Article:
Contact: Dan Hubbard, 202-783-9360, firstname.lastname@example.org
Washington, DC, Dec. 20, 2019 – The National Business Aviation Association (NBAA) along with other industry partners today expressed opposition to H.R. 5423, the Aircraft Noise Reduction Act (ANRA), which aims to give local officials the ability to severely restrict access to general aviation airports.
The bill faces broad resistance from industry groups, ranging from general aviation organizations to airline associations. In a letter to U.S. House of Representatives Committee on Transportation and Infrastructure Chairman Peter DeFazio and Ranking Member Sam Graves, as well as Subcommittee on Aviation Chairman Rick Larsen and Ranking Member Garret Graves, NBAA and its allies said that H.R. 5423 would undercut the utility and safety of thousands of airports across the nation, “reversing course on the need to regulate aviation matters at the federal level.”
NBAA President and CEO Ed Bolen explained the importance of federal oversight of aviation, saying: “For close to 100 years, Congress has recognized that aviation must be regulated at the federal level. The national system of airports would be undermined if restrictions are made at the local level, as the Aircraft Noise Reduction Act is attempting to allow.”
H.R. 5423 would allow general aviation airport operators to impose restrictions on aircraft used for compensation or hire. Not only would these restrictions unnecessarily impede airline and business aviation transportation operations, but critical services – such as air ambulance, organ transport and disaster relief – could be impacted as well.
“H.R. 5423 would undermine the long-standing and intentional role of general aviation airports – acting as relievers to allow certain operations to be conducted away from major airports,” added Bolen. “This legislation could drive general aviation traffic to air carrier airports, creating more congestion and potentially negatively impacting safety.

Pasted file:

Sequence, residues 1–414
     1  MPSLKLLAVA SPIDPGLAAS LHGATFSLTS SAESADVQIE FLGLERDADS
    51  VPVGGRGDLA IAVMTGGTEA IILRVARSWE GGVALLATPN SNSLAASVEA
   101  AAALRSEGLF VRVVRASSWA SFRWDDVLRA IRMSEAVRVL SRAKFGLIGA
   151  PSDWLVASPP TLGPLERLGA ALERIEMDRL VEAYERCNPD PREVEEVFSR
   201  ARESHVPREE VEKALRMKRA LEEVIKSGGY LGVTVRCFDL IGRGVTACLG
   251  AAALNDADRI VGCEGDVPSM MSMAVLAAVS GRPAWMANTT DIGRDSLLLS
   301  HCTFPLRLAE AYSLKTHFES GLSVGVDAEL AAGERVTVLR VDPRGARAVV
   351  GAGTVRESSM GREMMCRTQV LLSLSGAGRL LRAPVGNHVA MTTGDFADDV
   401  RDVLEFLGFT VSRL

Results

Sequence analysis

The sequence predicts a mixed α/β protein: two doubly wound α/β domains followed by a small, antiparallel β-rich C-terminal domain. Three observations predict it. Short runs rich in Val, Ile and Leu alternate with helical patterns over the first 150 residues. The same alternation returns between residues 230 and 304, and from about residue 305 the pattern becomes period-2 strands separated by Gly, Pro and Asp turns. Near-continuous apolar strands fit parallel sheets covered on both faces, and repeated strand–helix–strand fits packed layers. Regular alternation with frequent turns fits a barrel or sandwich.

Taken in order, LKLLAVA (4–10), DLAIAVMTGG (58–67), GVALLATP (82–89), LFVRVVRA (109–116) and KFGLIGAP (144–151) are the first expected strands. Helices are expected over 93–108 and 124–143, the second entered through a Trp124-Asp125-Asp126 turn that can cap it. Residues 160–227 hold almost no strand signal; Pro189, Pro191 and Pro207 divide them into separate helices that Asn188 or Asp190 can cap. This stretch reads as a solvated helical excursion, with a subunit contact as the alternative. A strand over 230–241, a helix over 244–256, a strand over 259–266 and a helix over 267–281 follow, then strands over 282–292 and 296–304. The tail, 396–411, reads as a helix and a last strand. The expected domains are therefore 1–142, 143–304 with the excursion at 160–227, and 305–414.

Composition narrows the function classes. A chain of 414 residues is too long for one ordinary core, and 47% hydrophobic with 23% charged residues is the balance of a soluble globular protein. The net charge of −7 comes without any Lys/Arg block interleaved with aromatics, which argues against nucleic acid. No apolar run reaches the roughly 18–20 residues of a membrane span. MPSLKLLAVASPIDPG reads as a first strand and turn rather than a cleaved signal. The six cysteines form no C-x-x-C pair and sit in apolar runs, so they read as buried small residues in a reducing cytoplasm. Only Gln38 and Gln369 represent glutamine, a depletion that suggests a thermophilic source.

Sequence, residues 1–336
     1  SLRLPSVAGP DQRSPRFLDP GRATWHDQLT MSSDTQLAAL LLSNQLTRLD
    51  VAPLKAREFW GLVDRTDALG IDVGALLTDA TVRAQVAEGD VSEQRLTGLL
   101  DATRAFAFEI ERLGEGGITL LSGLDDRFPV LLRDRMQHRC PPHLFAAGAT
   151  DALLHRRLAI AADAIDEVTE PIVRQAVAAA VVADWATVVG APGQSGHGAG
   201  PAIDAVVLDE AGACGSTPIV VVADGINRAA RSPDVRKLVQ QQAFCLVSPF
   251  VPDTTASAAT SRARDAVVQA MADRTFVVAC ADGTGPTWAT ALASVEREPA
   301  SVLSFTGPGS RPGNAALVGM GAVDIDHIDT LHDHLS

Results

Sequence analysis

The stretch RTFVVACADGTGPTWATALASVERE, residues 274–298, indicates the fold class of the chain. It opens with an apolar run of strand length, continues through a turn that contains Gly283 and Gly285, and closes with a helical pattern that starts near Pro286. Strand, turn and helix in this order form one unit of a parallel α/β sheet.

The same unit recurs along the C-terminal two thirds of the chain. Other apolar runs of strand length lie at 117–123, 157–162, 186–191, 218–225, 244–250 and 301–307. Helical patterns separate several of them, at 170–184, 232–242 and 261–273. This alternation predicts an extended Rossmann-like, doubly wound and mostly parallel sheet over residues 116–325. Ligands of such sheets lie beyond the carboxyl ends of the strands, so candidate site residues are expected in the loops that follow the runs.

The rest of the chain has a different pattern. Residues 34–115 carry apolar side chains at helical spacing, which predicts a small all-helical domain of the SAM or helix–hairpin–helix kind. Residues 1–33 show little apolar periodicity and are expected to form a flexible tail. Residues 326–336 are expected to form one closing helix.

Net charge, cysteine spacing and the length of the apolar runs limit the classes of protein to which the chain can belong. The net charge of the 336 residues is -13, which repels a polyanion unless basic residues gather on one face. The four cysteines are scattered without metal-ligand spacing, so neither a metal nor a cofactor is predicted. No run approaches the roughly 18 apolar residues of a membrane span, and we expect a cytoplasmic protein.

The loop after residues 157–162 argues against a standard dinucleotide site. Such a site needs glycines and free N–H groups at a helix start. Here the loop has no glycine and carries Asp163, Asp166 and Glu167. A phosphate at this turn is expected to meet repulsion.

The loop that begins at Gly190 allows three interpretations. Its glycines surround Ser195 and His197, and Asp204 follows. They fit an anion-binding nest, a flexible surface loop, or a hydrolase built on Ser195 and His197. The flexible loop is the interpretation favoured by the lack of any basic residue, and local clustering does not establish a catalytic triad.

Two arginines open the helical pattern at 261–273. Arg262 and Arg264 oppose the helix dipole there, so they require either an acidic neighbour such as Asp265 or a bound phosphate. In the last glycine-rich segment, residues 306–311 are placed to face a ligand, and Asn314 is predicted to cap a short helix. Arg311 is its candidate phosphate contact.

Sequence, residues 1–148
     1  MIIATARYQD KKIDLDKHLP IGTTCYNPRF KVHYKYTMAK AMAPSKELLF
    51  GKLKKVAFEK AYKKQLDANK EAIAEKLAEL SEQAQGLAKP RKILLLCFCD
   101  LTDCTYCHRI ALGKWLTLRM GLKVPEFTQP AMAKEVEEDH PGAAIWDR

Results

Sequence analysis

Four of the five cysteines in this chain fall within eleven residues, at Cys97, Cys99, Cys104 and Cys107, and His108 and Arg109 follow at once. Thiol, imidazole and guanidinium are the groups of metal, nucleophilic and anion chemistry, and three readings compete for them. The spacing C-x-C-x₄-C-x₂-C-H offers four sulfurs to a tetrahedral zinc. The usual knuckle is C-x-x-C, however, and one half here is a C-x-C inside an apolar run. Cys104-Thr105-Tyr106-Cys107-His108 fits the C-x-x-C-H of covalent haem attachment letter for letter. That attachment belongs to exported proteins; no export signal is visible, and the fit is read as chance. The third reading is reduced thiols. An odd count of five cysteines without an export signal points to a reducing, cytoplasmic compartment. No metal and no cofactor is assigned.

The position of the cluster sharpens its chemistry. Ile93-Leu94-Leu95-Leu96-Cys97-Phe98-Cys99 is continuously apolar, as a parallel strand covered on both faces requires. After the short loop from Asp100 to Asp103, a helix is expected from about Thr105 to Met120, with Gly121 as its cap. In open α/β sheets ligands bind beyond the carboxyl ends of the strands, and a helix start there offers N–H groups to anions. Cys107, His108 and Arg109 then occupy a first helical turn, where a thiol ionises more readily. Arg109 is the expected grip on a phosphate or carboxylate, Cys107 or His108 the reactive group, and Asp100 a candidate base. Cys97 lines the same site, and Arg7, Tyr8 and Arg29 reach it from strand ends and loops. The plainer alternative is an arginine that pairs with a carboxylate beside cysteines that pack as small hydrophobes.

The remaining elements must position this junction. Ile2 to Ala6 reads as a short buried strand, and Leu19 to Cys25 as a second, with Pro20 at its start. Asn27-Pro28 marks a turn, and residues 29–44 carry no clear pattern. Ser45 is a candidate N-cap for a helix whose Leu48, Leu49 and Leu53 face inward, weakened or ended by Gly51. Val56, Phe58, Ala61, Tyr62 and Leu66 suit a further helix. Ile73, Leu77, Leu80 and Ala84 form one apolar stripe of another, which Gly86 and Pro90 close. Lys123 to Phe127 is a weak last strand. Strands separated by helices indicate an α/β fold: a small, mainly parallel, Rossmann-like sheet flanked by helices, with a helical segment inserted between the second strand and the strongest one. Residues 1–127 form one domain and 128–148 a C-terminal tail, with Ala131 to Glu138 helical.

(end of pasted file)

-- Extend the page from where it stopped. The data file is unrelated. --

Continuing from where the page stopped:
“Today, we are jointly standing up for access to our nation’s air transportation system. Allowing restrictions to be developed and implemented at the local level, as H.R. 5423 would do, sets a dangerous precedent of circumventing the oversight of aviation clearly assigned to the federal level,” Bolen concluded.
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Founded in 1947 and based in Washington, DC, the National Business Aviation Association (NBAA) is the leading organization for companies that rely on general aviation aircraft to help make their businesses more efficient, productive and successful. The association represents more than 11,000 companies and professionals and provides more than 100 products and services to the business aviation community, including the NBAA Business Aviation Convention & Exhibition (NBAA-BACE), the world’s largest civil aviation trade show. Learn more about NBAA at www.nbaa.org.
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